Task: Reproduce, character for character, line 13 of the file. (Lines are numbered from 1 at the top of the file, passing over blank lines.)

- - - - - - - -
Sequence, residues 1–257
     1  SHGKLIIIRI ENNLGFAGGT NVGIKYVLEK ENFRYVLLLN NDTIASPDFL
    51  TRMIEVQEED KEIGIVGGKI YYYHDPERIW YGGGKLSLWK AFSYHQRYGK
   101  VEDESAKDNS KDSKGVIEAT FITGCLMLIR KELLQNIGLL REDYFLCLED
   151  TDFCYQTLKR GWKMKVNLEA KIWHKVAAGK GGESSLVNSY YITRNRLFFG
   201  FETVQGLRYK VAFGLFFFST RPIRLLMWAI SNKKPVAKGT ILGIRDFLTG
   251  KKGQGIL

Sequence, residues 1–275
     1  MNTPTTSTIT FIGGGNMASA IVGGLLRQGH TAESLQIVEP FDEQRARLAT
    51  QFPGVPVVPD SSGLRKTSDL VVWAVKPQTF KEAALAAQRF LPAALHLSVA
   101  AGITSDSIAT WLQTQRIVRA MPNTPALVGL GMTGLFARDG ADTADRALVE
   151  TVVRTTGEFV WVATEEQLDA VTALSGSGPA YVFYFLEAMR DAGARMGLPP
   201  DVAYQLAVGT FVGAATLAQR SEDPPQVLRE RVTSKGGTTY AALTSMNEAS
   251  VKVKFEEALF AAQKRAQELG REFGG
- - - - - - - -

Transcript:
   201  DVAYQLAVGT FVGAATLAQR SEDPPQVLRE RVTSKGGTTY AALTSMNEAS